Translating advances in the molecular basis of schizophrenia into novel cognitive treatment strategies.
Any type of content formally published in an academic journal, usually following a peer-review process.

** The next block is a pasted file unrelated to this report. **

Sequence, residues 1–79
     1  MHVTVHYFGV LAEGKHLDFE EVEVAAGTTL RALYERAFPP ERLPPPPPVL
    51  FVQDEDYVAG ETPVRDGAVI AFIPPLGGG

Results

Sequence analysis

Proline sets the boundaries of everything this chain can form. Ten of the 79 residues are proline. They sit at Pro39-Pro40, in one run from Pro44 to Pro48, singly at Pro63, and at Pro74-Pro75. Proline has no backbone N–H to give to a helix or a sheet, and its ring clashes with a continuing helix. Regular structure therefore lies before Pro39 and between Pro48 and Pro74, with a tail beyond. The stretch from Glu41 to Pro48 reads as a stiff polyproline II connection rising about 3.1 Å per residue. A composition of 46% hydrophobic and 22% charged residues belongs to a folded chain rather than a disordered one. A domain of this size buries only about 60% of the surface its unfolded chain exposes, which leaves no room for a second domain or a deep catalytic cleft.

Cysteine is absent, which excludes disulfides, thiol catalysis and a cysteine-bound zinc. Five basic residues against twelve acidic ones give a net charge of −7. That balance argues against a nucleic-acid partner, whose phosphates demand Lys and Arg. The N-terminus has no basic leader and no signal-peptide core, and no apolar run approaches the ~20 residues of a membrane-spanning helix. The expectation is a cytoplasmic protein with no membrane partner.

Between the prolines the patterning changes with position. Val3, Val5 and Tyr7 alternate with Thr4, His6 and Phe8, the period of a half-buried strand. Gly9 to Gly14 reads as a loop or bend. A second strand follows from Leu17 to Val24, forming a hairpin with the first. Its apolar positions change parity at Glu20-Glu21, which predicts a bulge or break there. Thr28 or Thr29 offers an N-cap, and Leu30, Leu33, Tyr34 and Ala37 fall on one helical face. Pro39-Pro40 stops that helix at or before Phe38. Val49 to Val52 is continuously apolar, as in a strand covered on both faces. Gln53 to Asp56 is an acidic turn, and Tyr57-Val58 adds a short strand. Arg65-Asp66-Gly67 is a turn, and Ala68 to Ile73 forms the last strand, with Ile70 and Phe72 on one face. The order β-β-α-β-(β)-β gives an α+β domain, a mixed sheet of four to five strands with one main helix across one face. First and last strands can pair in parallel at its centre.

The presence and severity of cognitive symptoms, including working memory, executive dysfunction and attentional impairment, contributes materially to functional impairment in schizophrenia. Cognitive symptoms have proved to be resistant to both first- and second-generation antipsychotic drugs. Efforts to develop a consensus set of cognitive domains that are both disrupted in schizophrenia and are amenable to cross-species validation (e.g. the National Institute of Mental Health Cognitive Neuroscience Treatment Research to Improve Cognition in Schizophrenia and Research Domain Criteria initiatives) are an important step towards standardization of outcome measures that can be used in preclinical testing of new drugs. While causative genetic mutations have not been identified, new technologies have identified novel genes as well as hitherto candidate genes previously implicated in the pathophysiology of schizophrenia and/or mechanisms of antipsychotic efficacy. This review comprises a selective summary of these developments, particularly phenotypic data arising from preclinical genetic models for cognitive dysfunction in schizophrenia, with the aim of indicating potential new directions for pro-cognitive therapeutics. Linked Articles This article is part of a themed section on Pharmacology of Cognition: a Panacea for Neuropsychiatric Disease? To view the other articles in this section visit http://onlinelibrary.wiley.com/doi/10.1111/bph.v174.19/issuetoc.